2020 and Web Dev is merging with A.I. — What would I do if I had my study time again?

© Sameer Patankar — Yorkshire, U.K. 2020

Six months after I quit all other work full-time, and I gave myself to MERN stack. I had a coder-buddy who had taken the C#/.NET route, and throughout this period I’ve been putting in the hours — diligently, consistently. Night after night, day after day. I’d been preparing myself job hunting in the job-rich, but applicant-glut space of the U.K./Lancashire post-COVID-19 lock-down web dev scene. I was building up to showing off real MERN stack web app skills.

Then I had an epiphany of sorts: I was touting around for work experience but after a series of conversations with a data-scientist who leverages traditional web development languages and tools as part of their data-gathering exercises, I had to stop and take stock of where I was at -not a week off from coding, but still coding and married to MERN week off — a proper hard-stop and review the state of my coding, my life, my vision for the future.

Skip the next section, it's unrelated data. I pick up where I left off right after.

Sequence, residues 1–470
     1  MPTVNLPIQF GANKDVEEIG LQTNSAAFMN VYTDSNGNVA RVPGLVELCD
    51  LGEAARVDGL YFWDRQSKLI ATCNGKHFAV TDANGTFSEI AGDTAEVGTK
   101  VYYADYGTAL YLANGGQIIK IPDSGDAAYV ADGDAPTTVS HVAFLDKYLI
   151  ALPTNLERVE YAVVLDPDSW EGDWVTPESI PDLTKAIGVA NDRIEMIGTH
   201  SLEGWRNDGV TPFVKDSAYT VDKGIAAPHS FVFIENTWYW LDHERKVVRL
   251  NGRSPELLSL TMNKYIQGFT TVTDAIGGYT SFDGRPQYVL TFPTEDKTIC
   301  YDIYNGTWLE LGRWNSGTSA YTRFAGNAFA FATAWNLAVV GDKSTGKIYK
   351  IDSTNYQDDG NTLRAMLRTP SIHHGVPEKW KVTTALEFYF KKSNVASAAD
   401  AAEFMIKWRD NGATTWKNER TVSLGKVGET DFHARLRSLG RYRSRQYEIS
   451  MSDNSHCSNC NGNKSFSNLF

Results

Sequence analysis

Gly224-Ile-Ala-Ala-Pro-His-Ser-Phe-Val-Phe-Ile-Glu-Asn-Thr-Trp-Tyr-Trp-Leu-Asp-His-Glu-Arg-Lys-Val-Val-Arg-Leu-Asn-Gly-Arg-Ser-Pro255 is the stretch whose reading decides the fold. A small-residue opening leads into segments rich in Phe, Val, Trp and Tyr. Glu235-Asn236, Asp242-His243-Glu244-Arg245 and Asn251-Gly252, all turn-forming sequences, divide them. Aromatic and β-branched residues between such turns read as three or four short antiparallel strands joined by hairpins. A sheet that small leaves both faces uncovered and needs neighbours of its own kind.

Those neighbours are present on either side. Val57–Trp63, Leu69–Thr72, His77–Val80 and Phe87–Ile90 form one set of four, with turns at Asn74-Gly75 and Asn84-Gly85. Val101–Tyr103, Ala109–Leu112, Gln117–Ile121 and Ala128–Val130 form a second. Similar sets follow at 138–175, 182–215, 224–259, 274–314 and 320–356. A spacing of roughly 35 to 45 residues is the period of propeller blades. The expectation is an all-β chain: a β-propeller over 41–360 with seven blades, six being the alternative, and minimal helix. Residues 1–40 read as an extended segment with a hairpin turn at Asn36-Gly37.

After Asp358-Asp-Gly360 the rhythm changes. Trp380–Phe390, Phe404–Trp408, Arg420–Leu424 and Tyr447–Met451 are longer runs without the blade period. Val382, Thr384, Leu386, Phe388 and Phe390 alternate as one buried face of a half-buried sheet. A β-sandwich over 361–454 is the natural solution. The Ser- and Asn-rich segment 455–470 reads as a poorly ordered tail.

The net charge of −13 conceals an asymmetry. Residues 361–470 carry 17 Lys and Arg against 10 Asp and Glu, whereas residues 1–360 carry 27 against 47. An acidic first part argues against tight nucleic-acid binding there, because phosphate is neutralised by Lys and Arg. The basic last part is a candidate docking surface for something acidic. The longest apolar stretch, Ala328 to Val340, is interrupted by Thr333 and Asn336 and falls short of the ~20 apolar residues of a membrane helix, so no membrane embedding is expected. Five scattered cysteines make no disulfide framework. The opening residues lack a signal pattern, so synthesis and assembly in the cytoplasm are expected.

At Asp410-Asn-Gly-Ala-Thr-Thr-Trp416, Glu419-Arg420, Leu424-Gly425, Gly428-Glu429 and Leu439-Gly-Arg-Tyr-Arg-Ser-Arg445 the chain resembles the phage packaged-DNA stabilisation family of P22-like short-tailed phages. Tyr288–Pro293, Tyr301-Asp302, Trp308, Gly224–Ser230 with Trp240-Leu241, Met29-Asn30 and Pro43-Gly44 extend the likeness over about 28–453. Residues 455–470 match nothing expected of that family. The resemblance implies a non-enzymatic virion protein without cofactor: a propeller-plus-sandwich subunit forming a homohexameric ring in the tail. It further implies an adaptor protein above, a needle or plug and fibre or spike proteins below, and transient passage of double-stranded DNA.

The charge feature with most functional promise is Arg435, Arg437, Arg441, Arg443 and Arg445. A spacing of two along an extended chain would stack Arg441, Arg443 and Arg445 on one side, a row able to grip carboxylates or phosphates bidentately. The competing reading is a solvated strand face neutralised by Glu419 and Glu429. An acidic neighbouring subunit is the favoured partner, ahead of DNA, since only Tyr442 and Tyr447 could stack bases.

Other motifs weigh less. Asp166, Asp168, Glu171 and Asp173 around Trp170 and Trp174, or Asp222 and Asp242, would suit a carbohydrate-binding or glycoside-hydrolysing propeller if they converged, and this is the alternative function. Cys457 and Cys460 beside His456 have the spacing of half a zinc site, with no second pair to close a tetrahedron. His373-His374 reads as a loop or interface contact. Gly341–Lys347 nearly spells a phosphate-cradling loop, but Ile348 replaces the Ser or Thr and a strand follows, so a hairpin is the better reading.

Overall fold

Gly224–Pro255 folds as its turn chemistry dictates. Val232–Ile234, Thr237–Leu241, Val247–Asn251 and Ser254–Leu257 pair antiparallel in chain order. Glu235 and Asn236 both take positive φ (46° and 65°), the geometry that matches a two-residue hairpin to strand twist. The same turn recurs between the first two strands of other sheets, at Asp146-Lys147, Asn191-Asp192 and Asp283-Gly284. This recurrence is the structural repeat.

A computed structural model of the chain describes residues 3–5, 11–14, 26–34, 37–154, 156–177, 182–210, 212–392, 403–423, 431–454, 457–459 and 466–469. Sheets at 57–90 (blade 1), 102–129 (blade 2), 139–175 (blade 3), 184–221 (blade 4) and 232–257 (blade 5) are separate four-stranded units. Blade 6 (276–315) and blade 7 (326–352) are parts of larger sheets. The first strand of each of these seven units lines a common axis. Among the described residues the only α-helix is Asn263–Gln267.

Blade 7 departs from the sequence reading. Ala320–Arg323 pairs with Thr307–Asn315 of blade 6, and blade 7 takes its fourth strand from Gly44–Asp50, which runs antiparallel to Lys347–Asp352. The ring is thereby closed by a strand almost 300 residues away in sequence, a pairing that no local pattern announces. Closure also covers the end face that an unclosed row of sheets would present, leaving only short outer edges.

The result was a series of conclusions about what I’d done right, but also what I’d do again if I could.

  1. Quitting a toxic work environment when I planned to do so was the very best idea. It was stymying my creative flow, and the hours worked were ruining my health and not leaving me much time to actually code and learn.
  2. I had probably got myself stuck on the wrong side of the line when it comes to tutorial hell. There is a truth that we as humans love safety, and tutorials and getting those hard studied for certificates is true safety. I mean then I don’t have to expose myself to StackOverflow or show that I’m pushing out tiny code changes to my Git repos with code that shows I’m a total noob right?